Toxicity of flotation reagents to moderately thermophilic bioleaching microorganisms
- 265 Downloads
The toxicity of 15 flotation reagents (including xanthates, carbamates, thiophosphates, a mercaptobenzthiazole and a frothing reagent) used for concentrating sulfide minerals to five species of mineral-oxidising, moderately thermophilic and acidophilic microorganisms was assessed. The acidophiles tested included four bacteria (a Leptospirillum isolate, Acidimicrobium ferrooxidans, Acidithiobacillus caldus and a Sulfobacillusisolate) and one archaeon (a Ferroplasma isolate). There was wide variation both in terms of the relative toxicities of the different flotation reagents and the sensitivities of the microorganisms tested. In general, the dithiophosphates and the mercaptobenzothiol were the most toxic, while the Leptospirillum and Ferroplasma isolates were the most sensitive of the acidophilic microorganisms. The significance of these findings, in view of the expanding application of ore concentrates bioprocessing, is discussed.
Unable to display preview. Download preview PDF.
- Brierley JA, Brierley CL (2001) Present and future commercial applications in biohydrometallurgy. Hydrometallurgy 59: 233–240.Google Scholar
- Golyshina OV, Pivovarova TA, Karavaiko GI, Kondrat'eva TF, Moore ERB, Abraham WR, Lunsdorf H, Timmis KN, Yakimov MM, Golyshin PN (2000) Ferroplasma acidiphilum gen. nov., sp. nov., an acidophilic, autotrophic, ferrous-iron-oxidizing, cellwall-lacking, mesophilic member of the Ferroplasmaceae fam. nov., comprising a distinct lineage of the Archaea. Int. J. Syst. Evol. Microbiol. 50: 997–1006.Google Scholar
- Hallberg KB, Johnson DB (2001) Biodiversity of acidophilic prokaryotes. Adv. Appl. Microbiol. 49: 37–84.Google Scholar
- Loon HY, Madgwick J (1995). The effect of xanthate flotation reagents on bacterial leaching of chalcopyrite by Thiobacillus ferrooxidans. Biotechnol. Lett. 17: 997–1000.Google Scholar
- Lovley DR, Phillips EJP (1987) Rapid assay for microbially reducible ferric iron in aquatic sediments. Appl. Environ. Microbiol. 53: 1536–1540.Google Scholar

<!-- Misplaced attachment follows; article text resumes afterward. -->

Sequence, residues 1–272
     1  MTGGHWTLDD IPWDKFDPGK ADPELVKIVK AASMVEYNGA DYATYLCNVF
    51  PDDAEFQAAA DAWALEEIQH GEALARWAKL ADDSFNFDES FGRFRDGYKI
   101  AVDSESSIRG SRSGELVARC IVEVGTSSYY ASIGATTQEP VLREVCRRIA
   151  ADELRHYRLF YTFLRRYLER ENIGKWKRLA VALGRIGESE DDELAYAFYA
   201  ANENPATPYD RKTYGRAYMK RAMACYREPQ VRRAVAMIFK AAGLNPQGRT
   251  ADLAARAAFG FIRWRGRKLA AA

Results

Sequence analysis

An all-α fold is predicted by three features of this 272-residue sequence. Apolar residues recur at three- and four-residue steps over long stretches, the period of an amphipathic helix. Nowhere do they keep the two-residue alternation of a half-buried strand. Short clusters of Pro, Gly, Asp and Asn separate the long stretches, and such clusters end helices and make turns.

- Okibe N, Johnson DB (2001) Bioleaching of pyrite by defined mixed cultures of moderately thermophilic acidophiles. In: Ciminelli VST, Garcia Jr O, eds. Biohydrometallurgy: Fundamentals, Technology and Sustainable Development. Process Metallurgy 11A. Amsterdam: Elsevier, pp. 443–451.Google Scholar
- Rawlings DE, ed. (1997) Biomining: Theory, Microbes and Industrial Processes. Georgetown, TX: Springer-Verlag/Landes Biosciences.Google Scholar
- Rawlings DE, Tributsch H, Hansford GS (1999a) Reasons why Leptospirillum-like species rather than Thiobacillus ferrooxidans are the dominant iron-oxidizing bacteria in many commercial processes for the biooxidation of pyrite and related ores. Microbiology 145: 5–13.Google Scholar
- Rawlings DE, Coram NJ, Gardner MN, Deane SM (1999b) Thiobacillus caldus and Leptospirillum ferrooxidans are widely distributed in continuous flow biooxidation tanks used to treat a variety of metal containing ores and concentrates. In: Amils R, Ballester A, eds. Biohydrometallurgy and the Environment toward the Mining of the 21st Century, Process Metallurgy 9A. Amsterdam: Elsevier, pp. 777–786.Google Scholar
- Sand W, Gehrke T, Hallmann R, Schippers A (1995) Sulfur chemistry, biofilm, and the (in)direct attack mechanism: a critical evaluation of bacterial leaching. Appl. Microb. Biotechnol. 43: 961–966.Google Scholar
- Tuovinen OH (1978) Inhibition of Thiobacillus ferrooxidans by mineral flotation reagents. Eur. J. Appl. Microbiol. Biotechnol. 5: 301–304.Google Scholar
- Valdivia DNU, Chaves AP (2001) Influence of flotation compounds on the bioleaching process using Thiobacillus ferrooxidans. In: Ciminelli VST, Garcia Jr O, eds. Biohydrometallurgy: Fundamentals, Technology and Sustainable Development. Process Metallurgy 11A. Amsterdam: Elsevier, pp. 159–166.Google Scholar